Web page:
Isn't there a clear and obvious reverse explanation in the above case? Isn't it equally plausible that people with aggressive self-views tend to seek out violence in videogames? I haven't read the article yet, so perhaps there's been a careful effort to establish causation. But I doubt it. Vidoegame violence researchers just don't get very far into the tricky issues of connecting theories of causality to data outcomes, at least, not as much as econometricians do. And if you don't go into these issues, you lose the inferential purchase of the data. Completely.
Now, why would everyone be so accepting of one causal interpretation of these data points and not the other? Fact is, contemporary society is extraordinarily unwilling to consider the secondary causal line. No, no, no, it can't be parents. No. Parents are fine. It's the kids who are broken, not the parents, not the marriages. It's the kids and their darned videogames. Well, the literature, as currently focused, will never produce anything to challenge this view. It will just keep finding a videogame/violence correlation. Over and over. And parents and governments will continue to avoid looking in the mirror, where the real problem lies.
Third, why don't we see studies comparing the effect of videogames on violence to the effect of other things, such as bad parenting? If we are going to become concerned about something, let's be concerned about the things that have the greatest effect on childhood violence. I could do a study where I gave kids ice cream and then noted the level of aggressiveness. I imagine that ice cream would have a sedating effect. And if that's the only factor I am looking for, I will dutifully report "Study shows ice cream reduces violence in children." But how MUCH? Is it enough to be concerned about? The answer to this, in most of this research, is to report that some effect is 'statistically significant.' They then conclude that the effect is also substantively significant, i.e., it matters. Anyone who does that, however, simply doesn't understand the concept of statistical significance. It has nothing to do with substance. Yet an extraordinarily large number of researchers in the social sciences, including economists, just don't understand the meaning of the statistical tools they deploy. If you're interested in this, check out Dierdre McCloskey's writings on how scholars improperly make inferences of substantive importance from statistical tests (I had to do it myself on many occasions to satisfy editors, because I don't have tenure.... but stay tuned). The basic message, if you're clued into this jargon, is that when someone says "the difference was statistically significant at the 5 percent level" and then moves on without comparing the actual size of the effects, they don't know what they are doing (and neither did the journal editor). For example: suppose in a sample of 1 million basketball shots for each player, I found that Allen Iverson's shooting percentage was 48.9 while Gary Payton's was 48.7. With a million data points, even the tiniest difference will show up as statistically significant. But substantively, they are equal. People in the science lit would announce: "Iverson shown to be better shooter than Payton." People in the NBA would laugh in their face.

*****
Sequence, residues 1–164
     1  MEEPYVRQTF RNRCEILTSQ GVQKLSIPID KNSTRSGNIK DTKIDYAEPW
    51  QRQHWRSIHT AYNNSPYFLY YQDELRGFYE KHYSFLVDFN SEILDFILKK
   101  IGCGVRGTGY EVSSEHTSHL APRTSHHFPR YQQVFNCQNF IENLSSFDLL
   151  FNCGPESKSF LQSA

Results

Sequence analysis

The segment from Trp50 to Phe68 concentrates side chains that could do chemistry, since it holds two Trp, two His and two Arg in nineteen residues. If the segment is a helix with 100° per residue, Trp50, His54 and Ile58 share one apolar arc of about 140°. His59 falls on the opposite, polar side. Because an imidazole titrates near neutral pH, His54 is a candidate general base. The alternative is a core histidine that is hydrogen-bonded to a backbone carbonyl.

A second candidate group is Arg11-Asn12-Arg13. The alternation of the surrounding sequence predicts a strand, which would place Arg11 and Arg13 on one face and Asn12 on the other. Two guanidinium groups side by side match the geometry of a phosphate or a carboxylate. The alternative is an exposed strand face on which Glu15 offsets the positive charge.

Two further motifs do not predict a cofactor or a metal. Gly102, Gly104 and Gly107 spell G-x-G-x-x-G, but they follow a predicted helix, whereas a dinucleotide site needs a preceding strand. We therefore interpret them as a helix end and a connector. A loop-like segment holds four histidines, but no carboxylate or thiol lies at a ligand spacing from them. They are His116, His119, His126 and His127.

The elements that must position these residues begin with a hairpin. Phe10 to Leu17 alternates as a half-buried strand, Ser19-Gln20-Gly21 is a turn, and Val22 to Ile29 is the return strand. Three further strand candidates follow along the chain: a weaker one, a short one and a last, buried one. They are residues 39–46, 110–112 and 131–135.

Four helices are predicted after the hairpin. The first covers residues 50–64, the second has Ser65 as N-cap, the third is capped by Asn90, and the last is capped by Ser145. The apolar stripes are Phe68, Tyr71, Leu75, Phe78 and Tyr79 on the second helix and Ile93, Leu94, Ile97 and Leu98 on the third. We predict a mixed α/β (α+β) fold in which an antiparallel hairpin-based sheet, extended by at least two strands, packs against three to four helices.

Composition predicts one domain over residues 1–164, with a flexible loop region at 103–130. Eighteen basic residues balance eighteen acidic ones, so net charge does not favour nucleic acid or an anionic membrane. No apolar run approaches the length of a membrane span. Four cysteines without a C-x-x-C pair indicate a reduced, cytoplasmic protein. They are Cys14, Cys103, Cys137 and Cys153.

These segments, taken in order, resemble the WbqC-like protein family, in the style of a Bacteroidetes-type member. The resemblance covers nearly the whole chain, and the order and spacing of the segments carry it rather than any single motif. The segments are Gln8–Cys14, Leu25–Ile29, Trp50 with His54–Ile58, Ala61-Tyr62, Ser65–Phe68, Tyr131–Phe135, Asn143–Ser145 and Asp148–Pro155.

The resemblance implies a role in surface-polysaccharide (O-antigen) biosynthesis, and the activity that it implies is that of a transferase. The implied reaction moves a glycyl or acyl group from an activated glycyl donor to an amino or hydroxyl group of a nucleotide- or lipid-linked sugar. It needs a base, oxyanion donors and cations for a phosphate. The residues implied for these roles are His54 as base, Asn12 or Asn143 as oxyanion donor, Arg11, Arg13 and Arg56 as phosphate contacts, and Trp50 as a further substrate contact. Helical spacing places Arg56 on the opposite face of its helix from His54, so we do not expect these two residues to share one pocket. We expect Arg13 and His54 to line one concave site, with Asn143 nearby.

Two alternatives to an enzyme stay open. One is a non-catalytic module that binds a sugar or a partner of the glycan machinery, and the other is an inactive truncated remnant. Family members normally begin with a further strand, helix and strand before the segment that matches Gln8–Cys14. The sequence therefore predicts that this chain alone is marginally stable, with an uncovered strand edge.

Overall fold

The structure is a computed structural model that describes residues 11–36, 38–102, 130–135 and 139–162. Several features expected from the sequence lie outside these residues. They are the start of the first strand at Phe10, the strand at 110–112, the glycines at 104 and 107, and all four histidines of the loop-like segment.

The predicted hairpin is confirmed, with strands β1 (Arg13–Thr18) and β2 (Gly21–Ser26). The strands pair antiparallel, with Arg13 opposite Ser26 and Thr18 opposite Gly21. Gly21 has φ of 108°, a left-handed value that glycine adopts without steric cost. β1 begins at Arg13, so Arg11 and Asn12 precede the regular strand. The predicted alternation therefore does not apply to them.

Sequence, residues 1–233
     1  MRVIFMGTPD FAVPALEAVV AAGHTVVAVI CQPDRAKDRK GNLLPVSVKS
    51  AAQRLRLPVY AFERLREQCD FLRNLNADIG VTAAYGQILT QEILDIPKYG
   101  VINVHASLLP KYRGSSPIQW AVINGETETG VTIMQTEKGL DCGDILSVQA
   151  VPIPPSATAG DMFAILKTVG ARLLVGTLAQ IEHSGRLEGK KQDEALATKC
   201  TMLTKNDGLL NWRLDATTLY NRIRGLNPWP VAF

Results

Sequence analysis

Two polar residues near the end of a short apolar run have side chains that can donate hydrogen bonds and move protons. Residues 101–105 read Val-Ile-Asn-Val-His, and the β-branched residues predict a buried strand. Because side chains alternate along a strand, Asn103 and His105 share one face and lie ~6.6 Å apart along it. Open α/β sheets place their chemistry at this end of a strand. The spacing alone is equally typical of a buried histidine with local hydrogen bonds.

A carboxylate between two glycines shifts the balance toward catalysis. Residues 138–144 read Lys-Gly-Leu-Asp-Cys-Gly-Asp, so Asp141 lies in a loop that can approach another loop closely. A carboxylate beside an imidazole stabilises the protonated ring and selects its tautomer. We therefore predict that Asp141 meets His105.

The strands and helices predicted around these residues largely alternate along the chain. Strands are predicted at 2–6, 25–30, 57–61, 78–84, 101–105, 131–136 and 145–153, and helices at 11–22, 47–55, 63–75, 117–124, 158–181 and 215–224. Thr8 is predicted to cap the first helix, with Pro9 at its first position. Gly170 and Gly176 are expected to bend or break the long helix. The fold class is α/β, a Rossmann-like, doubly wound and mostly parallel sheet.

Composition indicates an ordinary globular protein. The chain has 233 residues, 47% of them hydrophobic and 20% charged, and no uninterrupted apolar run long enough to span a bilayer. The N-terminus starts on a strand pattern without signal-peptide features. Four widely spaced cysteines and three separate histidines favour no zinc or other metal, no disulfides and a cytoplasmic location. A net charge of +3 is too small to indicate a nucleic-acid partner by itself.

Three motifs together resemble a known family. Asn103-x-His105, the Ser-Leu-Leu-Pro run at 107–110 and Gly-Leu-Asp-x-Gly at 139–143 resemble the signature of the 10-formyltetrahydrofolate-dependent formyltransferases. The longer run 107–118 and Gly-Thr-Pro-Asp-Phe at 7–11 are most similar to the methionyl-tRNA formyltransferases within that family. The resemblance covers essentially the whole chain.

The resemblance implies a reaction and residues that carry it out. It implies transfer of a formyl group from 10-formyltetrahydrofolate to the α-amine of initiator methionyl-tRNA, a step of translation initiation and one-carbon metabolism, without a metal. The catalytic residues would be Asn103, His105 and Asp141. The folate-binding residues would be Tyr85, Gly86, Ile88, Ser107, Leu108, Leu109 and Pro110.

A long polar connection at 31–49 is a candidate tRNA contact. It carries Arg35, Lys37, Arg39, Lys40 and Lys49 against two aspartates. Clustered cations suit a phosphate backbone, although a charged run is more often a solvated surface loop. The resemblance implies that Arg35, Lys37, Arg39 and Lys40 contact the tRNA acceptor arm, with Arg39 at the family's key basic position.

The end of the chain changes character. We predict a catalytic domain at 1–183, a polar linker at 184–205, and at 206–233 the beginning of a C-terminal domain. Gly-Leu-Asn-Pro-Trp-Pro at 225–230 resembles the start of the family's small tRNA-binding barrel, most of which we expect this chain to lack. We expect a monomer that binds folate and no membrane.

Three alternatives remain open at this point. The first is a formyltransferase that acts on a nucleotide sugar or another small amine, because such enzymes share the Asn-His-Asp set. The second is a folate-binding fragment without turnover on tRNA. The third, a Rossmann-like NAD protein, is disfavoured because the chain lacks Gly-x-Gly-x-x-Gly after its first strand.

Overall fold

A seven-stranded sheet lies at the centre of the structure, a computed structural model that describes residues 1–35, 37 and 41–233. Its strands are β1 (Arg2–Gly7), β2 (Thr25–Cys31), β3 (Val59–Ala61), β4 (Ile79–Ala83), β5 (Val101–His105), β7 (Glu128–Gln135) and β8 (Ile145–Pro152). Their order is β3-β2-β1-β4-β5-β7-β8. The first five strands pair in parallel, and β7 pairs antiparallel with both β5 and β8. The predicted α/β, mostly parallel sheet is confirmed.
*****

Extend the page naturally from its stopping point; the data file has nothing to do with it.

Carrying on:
Facit: are videogames an important cause of actual violence? The existing literature here is just a premeditated balm, designed, conducted, and construed to support a theory that minimizes blame on the real culprits in this story. This literature doesn't tell us anything about real violence, or about causality, or whether any of the effects are important. What it does do, is provide cover for a culture whose relationships skills, especially involving parents and children, have withered almost to nothing.